Not everyone has excellent credit. Missed payments happen, life gets in the way, and your credit score can drop after just a few financial mistakes.
Having a “fair” credit score in the range of 580 to 669 may make securing a loan more difficult, but several loan options exist specifically for individuals in this range. Some lenders specialize in providing loans to those with fair credit—or take other factors, like income and education, into consideration as well.
Read on to learn the best personal loans for fair credit and a few tips to help you improve your score.
Lending Sources for People with Fair Credit
Individuals with credit scores in the range of 580 to 669 can secure loans through a few different lending sources.
Instead of offering loans directly through their sites, loan aggregators match users with external lenders who meet their specific financial needs.
Most loan aggregators will have you fill out a form with information like your credit score, your loan’s purpose, and your desired loan amount. They will use these factors to match you with lenders who meet your criteria, helping you narrow down your search.
Our favorite loan aggregators are Fiona, Credible, and Monevo.
Fiona matches users with lenders in as little as 60 seconds. The process is simple—provide some information about the loan, your credit score, and your contact info, and Fiona will send you a list of lenders that meet your needs. Applying is free and will not affect your credit score.
Fiona partners with lenders offering loans from $1,000 to $100,000 and the minimum annual percentage rate (APR) you can expect to pay is 4.99%.
Credible offers a loan-requesting platform similar to Fiona but provides some additional benefits to borrowers.
To browse through the site’s lending options, you can complete a search with filters or fill out a quote form. Once you find a lender you like, you can apply right through the Credible website. Some lenders will send you your funds as soon as the next day.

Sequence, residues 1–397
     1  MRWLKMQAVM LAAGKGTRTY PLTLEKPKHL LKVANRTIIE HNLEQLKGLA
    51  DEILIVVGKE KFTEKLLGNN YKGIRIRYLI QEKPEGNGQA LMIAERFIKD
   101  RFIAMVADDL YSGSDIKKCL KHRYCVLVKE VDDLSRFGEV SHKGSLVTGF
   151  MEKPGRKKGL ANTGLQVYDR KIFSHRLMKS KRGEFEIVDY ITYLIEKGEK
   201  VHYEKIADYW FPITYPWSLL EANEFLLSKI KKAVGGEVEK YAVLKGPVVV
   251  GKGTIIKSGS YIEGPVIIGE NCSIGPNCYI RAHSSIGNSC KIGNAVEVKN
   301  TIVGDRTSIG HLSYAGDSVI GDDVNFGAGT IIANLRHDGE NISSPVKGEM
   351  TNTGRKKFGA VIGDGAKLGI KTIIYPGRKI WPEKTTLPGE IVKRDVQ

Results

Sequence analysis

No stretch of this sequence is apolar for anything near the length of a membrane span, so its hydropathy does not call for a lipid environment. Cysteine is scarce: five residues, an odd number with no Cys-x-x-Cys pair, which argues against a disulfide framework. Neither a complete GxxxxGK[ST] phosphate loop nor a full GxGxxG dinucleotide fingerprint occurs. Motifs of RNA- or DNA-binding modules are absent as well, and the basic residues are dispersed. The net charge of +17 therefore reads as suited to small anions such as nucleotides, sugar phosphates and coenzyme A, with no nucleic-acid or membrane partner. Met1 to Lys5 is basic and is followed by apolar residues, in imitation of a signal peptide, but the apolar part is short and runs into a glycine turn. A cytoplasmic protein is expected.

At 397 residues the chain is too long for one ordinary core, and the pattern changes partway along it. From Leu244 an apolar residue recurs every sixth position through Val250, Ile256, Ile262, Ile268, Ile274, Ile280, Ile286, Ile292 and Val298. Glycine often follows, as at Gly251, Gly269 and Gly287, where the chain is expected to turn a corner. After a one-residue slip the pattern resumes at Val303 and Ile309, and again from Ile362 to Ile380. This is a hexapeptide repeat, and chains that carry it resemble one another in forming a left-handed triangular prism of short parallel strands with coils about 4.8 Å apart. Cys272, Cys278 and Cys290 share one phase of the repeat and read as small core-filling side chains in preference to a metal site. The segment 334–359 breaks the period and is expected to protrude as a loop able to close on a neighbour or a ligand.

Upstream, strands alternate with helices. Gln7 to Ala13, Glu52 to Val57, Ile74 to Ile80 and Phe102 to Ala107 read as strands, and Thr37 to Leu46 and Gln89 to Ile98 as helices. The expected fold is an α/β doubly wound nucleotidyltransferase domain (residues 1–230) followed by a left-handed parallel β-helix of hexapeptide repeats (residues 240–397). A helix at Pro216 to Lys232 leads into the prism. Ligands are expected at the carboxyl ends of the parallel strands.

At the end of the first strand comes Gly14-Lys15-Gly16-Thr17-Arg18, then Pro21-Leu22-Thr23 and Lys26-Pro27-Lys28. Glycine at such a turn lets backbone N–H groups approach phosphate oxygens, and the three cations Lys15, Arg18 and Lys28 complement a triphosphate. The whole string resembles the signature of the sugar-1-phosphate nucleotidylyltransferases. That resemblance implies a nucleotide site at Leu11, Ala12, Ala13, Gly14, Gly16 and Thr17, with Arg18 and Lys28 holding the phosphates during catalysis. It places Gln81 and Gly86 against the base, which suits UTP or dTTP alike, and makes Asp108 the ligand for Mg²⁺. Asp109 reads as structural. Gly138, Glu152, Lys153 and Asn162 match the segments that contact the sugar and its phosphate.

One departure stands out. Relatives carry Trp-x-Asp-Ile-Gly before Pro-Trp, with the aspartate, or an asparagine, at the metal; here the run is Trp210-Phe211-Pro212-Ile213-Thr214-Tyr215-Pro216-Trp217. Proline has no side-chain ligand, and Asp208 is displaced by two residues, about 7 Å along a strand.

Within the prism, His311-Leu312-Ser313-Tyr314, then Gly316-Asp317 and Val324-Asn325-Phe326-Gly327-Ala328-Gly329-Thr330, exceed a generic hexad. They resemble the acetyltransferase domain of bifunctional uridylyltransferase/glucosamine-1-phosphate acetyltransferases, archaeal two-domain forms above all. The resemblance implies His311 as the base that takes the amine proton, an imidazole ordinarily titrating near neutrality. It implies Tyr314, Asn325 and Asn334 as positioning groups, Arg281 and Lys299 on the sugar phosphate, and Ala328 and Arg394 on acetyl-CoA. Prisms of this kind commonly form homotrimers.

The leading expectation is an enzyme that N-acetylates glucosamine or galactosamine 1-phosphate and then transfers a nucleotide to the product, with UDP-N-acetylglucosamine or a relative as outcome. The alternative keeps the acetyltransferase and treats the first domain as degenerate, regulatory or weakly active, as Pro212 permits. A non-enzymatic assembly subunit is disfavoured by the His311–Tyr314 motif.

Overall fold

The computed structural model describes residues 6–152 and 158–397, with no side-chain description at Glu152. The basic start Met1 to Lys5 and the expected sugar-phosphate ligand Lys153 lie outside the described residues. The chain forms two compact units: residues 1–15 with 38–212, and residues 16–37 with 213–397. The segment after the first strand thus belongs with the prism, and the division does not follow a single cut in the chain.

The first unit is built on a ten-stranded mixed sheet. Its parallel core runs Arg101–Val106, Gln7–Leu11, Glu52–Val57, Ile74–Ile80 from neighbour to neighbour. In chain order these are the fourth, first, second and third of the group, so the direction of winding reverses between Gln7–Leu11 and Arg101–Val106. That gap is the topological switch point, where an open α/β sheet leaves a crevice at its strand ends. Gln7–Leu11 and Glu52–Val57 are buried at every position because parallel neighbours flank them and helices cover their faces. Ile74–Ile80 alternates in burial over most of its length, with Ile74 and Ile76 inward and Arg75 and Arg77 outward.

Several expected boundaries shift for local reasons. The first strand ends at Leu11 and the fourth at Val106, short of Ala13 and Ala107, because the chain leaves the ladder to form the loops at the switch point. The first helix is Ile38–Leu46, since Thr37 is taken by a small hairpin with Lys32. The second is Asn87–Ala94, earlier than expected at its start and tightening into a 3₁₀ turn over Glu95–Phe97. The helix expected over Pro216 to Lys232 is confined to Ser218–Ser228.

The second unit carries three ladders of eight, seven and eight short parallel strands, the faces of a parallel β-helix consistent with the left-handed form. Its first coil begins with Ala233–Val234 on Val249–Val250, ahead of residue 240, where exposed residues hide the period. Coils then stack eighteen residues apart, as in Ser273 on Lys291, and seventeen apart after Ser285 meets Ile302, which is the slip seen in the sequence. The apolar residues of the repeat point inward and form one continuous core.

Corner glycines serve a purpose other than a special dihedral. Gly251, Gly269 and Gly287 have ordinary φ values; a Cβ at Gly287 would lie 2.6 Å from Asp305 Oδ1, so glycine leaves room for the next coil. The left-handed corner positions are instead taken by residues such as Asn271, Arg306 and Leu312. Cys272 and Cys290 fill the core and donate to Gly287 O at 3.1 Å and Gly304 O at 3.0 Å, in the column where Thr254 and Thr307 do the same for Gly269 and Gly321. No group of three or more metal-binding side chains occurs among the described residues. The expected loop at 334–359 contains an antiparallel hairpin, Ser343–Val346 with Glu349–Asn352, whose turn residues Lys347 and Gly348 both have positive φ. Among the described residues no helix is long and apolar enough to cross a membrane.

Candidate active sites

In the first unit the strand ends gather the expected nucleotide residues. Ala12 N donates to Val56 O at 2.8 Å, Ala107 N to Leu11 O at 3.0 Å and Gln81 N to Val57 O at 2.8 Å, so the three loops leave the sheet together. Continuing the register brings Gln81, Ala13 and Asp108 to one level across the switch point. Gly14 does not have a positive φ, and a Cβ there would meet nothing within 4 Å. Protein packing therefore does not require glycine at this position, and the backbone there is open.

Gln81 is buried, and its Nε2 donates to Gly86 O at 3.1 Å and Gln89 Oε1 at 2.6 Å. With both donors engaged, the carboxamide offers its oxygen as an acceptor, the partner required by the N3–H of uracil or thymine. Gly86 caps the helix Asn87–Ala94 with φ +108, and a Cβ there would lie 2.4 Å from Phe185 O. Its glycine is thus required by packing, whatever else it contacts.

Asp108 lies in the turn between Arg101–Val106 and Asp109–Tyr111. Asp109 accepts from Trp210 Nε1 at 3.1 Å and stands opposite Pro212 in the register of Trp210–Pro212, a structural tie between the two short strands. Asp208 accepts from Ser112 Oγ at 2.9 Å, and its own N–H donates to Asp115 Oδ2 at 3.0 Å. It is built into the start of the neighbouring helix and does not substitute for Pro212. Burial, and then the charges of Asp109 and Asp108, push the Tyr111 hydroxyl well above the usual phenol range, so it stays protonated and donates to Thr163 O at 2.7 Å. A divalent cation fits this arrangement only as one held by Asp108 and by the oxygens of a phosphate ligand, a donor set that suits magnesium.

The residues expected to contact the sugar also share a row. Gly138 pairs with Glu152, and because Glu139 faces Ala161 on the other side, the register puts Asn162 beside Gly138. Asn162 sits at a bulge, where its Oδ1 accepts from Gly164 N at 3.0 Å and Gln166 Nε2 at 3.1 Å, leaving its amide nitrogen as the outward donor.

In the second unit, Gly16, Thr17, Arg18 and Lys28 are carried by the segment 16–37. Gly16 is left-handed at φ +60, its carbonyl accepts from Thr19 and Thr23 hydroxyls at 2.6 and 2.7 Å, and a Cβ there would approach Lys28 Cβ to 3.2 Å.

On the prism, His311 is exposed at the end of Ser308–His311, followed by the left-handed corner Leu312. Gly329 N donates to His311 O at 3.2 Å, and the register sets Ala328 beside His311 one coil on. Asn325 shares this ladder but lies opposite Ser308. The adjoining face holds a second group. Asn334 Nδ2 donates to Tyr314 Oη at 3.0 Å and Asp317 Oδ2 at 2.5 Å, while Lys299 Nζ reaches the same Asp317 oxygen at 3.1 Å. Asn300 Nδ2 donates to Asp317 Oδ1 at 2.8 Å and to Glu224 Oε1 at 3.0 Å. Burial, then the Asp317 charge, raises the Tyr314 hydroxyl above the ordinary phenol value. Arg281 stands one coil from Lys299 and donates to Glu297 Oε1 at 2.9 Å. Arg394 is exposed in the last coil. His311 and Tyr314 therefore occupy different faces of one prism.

You can request a minimum loan of $600 through Credible.
Monevo is a free tool that matches users with personal lenders based on their credit scores and desired loan purposes. Its lenders offer financial products such as debt consolidation loans, auto loans, mortgage loans, and student loan refinancing options.
Once you enter your criteria into the form, Monevo will search through 40 of the top lenders on the market, such as Upstart, Figure, and Best Egg, to match you with the right ones for your needs. After you receive your results, you are free to walk away from the service, and applying will not affect your credit score.
Monevo’s lenders start their interest rates as low as 1.99%, though you should expect to pay closer to 4.99% or more. Once your lender approves your application, you can expect to receive your money as soon as the next business day.
Personal Loan Lenders
Not every personal lender provides loans to people with fair credit, but some offer higher interest rates or stricter repayment terms to make up for the lower credit scores. A few lenders will even examine other criteria, such as education or income, to determine your eligibility.
OppLoans and Upstart are our favorite personal lenders for people with fair credit.
Upstart is an online lending marketplace that considers factors aside from one’s credit score when reviewing loan applications. This site recognizes that a credit score is not the only indicator of a person’s financial responsibility, and as a result, it reviews applicants’ income and education as well.
Because Upstart does not target borrowers with poor credit, you can expect its rates to be a bit lower than other personal lenders. Even better, your interest rates and monthly payments will stay the same throughout your repayment period.
If you believe your income and education say more about your ability to repay a loan than your credit score, Upstart may be worth checking out.
OppLoans is a personal loan lender that offers small loan amounts of up to $4,000. This site uses a free online application that takes a few minutes to complete, and if the lenders approve your application, you can receive your funds in as little as one day.
Though OppLoans does not advertise itself as one, the site makes comparisons between its services and those of payday lenders. OppLoans boasts a maximum APR of 199%, compared to some payday lenders that charge up to 400%. And because OppLoans offers low loan amounts, some people may use its services to receive an advancement on a paycheck.
Many customers with low credit scores have qualified for loans through OppLoans. For those with credit scores in the range of 580-699, trying out OppLoans may be a good place to start.
Peer-to-peer, or P2P, lenders, allow individuals to obtain loans directly from other individuals or companies. These types of lenders cut out the middleman, such as a bank, and simplify the loan process.
Several P2P lenders assist borrowers with fair credit scores. Prosper and Lending Club are some of our favorite P2Ps in the lending industry.